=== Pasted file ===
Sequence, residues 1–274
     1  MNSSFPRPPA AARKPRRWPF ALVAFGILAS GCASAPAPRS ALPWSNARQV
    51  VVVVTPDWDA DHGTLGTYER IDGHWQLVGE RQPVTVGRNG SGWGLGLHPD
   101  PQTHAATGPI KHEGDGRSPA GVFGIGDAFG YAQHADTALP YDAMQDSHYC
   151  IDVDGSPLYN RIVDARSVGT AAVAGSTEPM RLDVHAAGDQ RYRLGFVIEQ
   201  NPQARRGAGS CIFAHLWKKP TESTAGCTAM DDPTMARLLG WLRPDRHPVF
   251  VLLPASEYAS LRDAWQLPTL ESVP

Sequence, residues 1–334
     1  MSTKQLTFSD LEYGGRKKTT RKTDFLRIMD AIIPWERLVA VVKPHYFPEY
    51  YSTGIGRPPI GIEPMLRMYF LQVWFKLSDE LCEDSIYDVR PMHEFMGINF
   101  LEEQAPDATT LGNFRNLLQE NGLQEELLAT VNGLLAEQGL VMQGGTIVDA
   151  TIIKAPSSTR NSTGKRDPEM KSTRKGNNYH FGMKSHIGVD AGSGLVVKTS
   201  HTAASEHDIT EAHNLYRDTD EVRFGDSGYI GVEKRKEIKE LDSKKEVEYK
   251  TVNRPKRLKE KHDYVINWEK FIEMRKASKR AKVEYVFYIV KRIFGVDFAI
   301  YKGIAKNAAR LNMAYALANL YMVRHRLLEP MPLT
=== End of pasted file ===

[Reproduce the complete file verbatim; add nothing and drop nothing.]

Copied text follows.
Sequence, residues 1–274
     1  MNSSFPRPPA AARKPRRWPF ALVAFGILAS GCASAPAPRS ALPWSNARQV
    51  VVVVTPDWDA DHGTLGTYER IDGHWQLVGE RQPVTVGRNG SGWGLGLHPD
   101  PQTHAATGPI KHEGDGRSPA GVFGIGDAFG YAQHADTALP YDAMQDSHYC
   151  IDVDGSPLYN RIVDARSVGT AAVAGSTEPM RLDVHAAGDQ RYRLGFVIEQ
   201  NPQARRGAGS CIFAHLWKKP TESTAGCTAM DDPTMARLLG WLRPDRHPVF
   251  VLLPASEYAS LRDAWQLPTL ESVP

Sequence, residues 1–334
     1  MSTKQLTFSD LEYGGRKKTT RKTDFLRIMD AIIPWERLVA VVKPHYFPEY
    51  YSTGIGRPPI GIEPMLRMYF LQVWFKLSDE LCEDSIYDVR PMHEFMGINF
   101  LEEQAPDATT LGNFRNLLQE NGLQEELLAT VNGLLAEQGL VMQGGTIVDA
   151  TIIKAPSSTR NSTGKRDPEM KSTRKGNNYH FGMKSHIGVD AGSGLVVKTS
   201  HTAASEHDIT EAHNLYRDTD EVRFGDSGYI GVEKRKEIKE LDSKKEVEYK
   251  TVNRPKRLKE KHDYVINWEK FIEMRKASKR AKVEYVFYIV KRIFGVDFAI
   301  YKGIAKNAAR LNMAYALANL YMVRHRLLEP MPLT